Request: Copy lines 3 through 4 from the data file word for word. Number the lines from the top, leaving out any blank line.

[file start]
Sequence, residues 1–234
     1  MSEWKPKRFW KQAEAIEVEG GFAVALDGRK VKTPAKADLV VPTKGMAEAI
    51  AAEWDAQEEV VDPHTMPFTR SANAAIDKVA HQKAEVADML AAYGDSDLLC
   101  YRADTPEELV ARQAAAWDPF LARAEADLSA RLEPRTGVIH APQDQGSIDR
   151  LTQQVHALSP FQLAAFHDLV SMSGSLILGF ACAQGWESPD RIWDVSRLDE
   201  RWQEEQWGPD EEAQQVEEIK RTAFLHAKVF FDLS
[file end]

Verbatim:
    51  AAEWDAQEEV VDPHTMPFTR SANAAIDKVA HQKAEVADML AAYGDSDLLC
   101  YRADTPEELV ARQAAAWDPF LARAEADLSA RLEPRTGVIH APQDQGSIDR